This is a tough one. For me and for you. It’s a first. It’s the first time so much detail has been written, shared, looked in the eye. Remembered. Faced. It’s the first time a lot of you will learn what I endured. That I endured. It’s the first time I’ve made my own choice to go back, to remember, to document, to share, to endure all over again. On my own terms. To admit. Despite all the shame and self-blame. All the feelings of paralyzing fear, the nightmares, the looks over the shoulder, the locking of doors and covering of windows, the strategically worn clothing, the cowering in the corner, the not making eye contact, the lies, the pain, the excuses.
I trust myself enough to share this now. And I trust you enough now, too. Not to judge. Not to pity. That’s not what I’m asking for. I was in a situation and although it took 8 years, I got myself out. Alive. I don’t want you to feel sorry for me. I want to educate. I want to bring light to a shameful disease that happens more than we’d like to admit. To our friends and our daughters, nieces, aunts, mothers, sisters, good students going to good schools, with good friends, driving nice cars. It happens. Far too much. Yet far too little is being said about it. It’s still silenced and hushed and whispered about. Not our kids. Not at our school. Not here. Not us. But open your eyes dammit! It IS here. It IS us. OUR kids! OUR friends! YOUR daughter! HER friend! THAT girl!
So fair warning. This is all painful truth, and I only take us both so far, but it is triggering. If you can’t read it, that’s your own personal choice for your own personal reasons. I respect that. No apologies.
They wanted me to think they were looking right at me. But I knew they were looking past me. They saw what they wanted to see, not the real me. Past the empty shell that stood before them. They saw air. They saw wind. They saw nothing.
The look in their eyes was not love, it was power. They wore on their lips not a smile, but a leer. The words from their mouths were not trusting, they were lies. The touch of their hands was not comforting, they brought pain. Where I craved hope and acceptance, they offered nothing.
I wanted love, but instead I got pain. I got loathing. I got bruises and breaks. I got neglected. Ignored. Punched and kicked aside. I got ridiculed and belittled. Beaten and broken. I got bloodied. The wind knocked out of me. Joints dislocated. I got discouraged. Threatened and terrified. I lost my friends, my family, my livelihood, my twinkle, my laugh, my aspirations, my choices, my rights, my voice. I lost me. It was stolen from me, slowly over time. With every kick to the gut, punch to the jaw, fistful of hair pulled from my head. With every body slam into the wall. With every headlock and every time I was strangled by his wicked hands twisted around my throat. With every object hurled at me across the room. With every shot taken from a BB gun or paint gun. Every time a loaded pistol was pressed against my temple, safety off, cocked and loaded. With every screamed threat. With all the unseemly things I was forced to do. Without my consent. Through shredded and ripped off clothes. Despite my screams and cries and tears and begging and NO NO NO PLEASE GOD NO!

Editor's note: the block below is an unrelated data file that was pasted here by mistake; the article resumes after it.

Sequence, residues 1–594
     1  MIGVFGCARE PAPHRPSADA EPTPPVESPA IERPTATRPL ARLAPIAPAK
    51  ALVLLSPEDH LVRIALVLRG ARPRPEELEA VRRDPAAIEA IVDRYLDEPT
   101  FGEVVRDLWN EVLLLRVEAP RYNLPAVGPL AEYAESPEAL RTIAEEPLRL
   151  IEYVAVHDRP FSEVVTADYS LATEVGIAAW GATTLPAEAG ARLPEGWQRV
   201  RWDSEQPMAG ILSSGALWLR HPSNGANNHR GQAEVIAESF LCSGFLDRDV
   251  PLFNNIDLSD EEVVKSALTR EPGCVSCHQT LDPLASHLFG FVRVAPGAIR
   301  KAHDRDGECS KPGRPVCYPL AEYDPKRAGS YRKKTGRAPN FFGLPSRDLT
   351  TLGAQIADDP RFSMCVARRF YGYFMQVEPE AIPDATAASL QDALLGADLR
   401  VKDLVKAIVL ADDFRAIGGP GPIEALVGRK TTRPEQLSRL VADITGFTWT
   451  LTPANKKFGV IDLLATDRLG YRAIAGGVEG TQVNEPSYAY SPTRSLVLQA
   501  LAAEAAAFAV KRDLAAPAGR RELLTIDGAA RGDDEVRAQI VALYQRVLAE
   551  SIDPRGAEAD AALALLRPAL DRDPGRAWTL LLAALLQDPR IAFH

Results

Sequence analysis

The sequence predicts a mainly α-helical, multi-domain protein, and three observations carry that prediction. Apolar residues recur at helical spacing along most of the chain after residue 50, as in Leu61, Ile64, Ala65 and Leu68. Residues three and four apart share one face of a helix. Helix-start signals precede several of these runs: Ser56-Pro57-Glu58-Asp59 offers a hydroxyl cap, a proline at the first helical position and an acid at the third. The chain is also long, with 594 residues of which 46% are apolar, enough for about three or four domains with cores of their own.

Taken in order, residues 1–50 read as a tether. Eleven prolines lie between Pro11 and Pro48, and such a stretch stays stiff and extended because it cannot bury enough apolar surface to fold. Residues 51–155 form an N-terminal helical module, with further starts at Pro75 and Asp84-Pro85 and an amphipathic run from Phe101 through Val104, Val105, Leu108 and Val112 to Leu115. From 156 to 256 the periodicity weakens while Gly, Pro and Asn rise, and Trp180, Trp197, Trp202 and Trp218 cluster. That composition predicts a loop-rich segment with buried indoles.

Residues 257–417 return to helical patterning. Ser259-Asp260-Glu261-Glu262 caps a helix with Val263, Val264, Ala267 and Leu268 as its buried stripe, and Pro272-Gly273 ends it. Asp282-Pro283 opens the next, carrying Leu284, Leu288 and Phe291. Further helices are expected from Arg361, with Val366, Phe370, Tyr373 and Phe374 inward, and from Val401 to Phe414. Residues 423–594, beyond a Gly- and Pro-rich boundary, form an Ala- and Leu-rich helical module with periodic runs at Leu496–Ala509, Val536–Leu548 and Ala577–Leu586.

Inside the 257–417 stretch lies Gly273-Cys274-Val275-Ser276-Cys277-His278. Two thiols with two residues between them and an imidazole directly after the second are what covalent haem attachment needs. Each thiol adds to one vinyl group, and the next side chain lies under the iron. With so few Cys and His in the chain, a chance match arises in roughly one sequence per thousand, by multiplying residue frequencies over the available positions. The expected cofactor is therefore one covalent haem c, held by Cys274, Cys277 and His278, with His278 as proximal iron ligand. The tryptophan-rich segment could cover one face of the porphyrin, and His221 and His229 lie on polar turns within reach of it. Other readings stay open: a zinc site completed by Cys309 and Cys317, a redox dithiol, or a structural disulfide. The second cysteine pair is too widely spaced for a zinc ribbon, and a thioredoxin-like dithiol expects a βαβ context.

With every ice pack, stitch, cast, trip to the E.R. With every apology, empty promise, veiled threat, box of chocolates, wilted flowers. I believed. I hoped. I could help. I could save. I could fix this broken soul. So I went back. Over and over, I went back. I had hope. I wanted to believe. I thought I could fix. Because if not, where else could I go? I was a coward. Ashamed. I was ugly and fat. I was unwanted. Unlovable. Not worthy. Not worthy. Not worthy. You hear those things enough and they drown out the real truth. They overpower the good. They silence the good. They laugh at the good. They spit on the good. They pity and sneer at the good. They replace the real truth. Until all that’s left is an empty shell. Air. Wind. Nothing.
And then you’re faced with two choices. You stay and die. You leave and live.
I’m one of the lucky ones. I left and I live. And I can stand here now clothed in my goodness and strength and courage and work every day on not just surviving, but actually living. It’s taken years (years!) to feel that I am worthy of more than just surviving. Of actually living. I’m still defining what that means to me. And that’s ok. Because luckily, I have time. Because luckily, I left and I live. And I am so much more than nothing.